The GV runs directly along the spine at the midline and will be affected by a saddle with too narrow a gullet or one which shifts to one side when ridden. The CV runs along the midline along the belly of the horse and can be affected by a poorly fitted girth.
The BL is the longest meridian in the body. It has 67 acupuncture points along its pathway and these include ‘shu’ or diagnostic points for the other meridians. It therefore contains a lot of information about the health of the animal and the saddle sits directly on it!

The BL starts at the eye, runs over the forehead, along the neck, splits into two parallel lines along the back adjacent to the spine, down the hindlegs, through the muscles of the hindleg and ends in the foot at the lateral coronary band. If you have seen physiotherapists using kinesthetic tape along the neck, spine and down the back legs, they are basically utilising the pathway of the BL meridian.

The pathway of the BL means it is directly affected by saddle fit. Over- flocking, bridging, abnormal loading and rider fitness/balance can all impinge on the Bladder meridian at some point.


Treating not only the sore points on the affected meridian, but also utilising the other acupuncture points further away
and within the same spinal segment, can alleviate some of the symptoms of horses that are said to be ‘cold-backed’ and resent being tacked up. Muscle atrophy and spasm can also be addressed.

It should be noted that only vets can perform acupuncture in animals. This is to avoid serious injury to underlying tissues, nerves, blood vessels, joints and even organs. It is important that it should only be performed by an appropriately trained and qualified practitioner.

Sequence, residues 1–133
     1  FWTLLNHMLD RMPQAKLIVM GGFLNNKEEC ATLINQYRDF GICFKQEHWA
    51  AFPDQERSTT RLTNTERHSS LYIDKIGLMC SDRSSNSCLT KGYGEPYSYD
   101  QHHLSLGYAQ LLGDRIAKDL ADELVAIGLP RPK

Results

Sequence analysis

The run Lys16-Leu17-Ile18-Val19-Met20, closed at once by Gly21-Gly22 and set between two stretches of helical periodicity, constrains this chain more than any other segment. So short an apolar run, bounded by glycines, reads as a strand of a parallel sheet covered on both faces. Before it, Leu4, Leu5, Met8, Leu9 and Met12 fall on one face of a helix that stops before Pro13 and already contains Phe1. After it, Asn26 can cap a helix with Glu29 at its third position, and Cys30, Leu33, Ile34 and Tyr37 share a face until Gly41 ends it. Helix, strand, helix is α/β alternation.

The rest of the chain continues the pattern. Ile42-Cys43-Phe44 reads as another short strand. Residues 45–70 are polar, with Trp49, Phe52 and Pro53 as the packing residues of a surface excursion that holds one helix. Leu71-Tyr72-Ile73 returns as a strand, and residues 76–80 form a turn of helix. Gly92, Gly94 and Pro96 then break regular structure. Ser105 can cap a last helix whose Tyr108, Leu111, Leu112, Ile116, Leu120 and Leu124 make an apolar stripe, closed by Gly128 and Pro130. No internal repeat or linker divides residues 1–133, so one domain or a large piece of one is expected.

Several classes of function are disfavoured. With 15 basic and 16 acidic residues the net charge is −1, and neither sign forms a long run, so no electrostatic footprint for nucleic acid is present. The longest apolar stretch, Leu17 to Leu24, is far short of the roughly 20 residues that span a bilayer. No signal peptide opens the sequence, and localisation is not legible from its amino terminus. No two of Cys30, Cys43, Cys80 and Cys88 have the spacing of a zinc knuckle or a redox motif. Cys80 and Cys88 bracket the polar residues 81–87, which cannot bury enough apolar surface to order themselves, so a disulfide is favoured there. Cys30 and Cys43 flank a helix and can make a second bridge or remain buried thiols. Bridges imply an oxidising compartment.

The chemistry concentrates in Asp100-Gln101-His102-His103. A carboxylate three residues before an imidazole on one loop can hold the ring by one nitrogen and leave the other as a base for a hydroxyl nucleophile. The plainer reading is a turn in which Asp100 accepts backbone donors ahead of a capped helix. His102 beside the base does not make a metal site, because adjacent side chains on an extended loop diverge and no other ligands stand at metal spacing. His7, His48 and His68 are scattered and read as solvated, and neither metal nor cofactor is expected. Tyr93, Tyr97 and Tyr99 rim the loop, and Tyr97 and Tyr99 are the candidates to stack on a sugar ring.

Always look for a practitioner that is a registered member of the Association of British Veterinary Acupuncturists (ABVA) or the International Veterinary Acupuncture Society (IVAS).

Acupuncture is widely used in Europe and the USA. It is deemed so effective that it is actually classed as ‘doping’ in some countries and is not allowed to be performed within a number of days of a competition.

It is starting to be more commonly utilised in the UK as more and more vets and owners see the benefits it can bring. As I already work closely with vets and physiotherapists, I would welcome the inclusion of qualified saddle fitters into that team. Together we can work to improve the quality of life, longevity of career, and ultimate performance of our horses.

I am often asked to examine and treat horses for low grade chronic lameness, and find there is also an issue with saddle fit. Or find that BL points which are non-reactive on examination prior to riding, then react after being ridden and untacked.

Sometimes, after acupuncture treatment, the horse is sound but has marked muscle imbalance which needs to be built up slowly through exercise. These are just some of the instances where I will advise the owner to seek the input of a professional saddle fitter.

Acupuncture can also help long term chronic pain conditions such as laminitis, spinal pain, sacroiliac disease, spondylosis and kissing spines.

Saddle fit is obviously also important in the management of the horse suffering from these; so working in partnership with a veterinary acupuncturist can help achieve the best outcome for the horse’s working career.

About the author:

Avril Senior BVSc MA MRVCS MABVA MIVAS is a qualified vet who now specialises in acupuncture for horses, dogs and cats.

She worked in first opinion vet practice and as a senior lecturer at the University of Liverpool School of Veterinary Science. Having seen first-hand the impact and improvement acupuncture can have on animals, she decided to undertake postgraduate specialist training to concentrate solely on acupuncture.

Her Western training was done with the Association of British Veterinary Acupuncture. Her Chinese acupuncture training was done in Belgium for the International Veterinary Acupuncture Society.

Avril runs workshops and talks on veterinary acupuncture. She can be contacted via her email: Case studies and testimonials can be found on her Facebook page: @p2pveterinaryacupuncture

Main photo by PxHere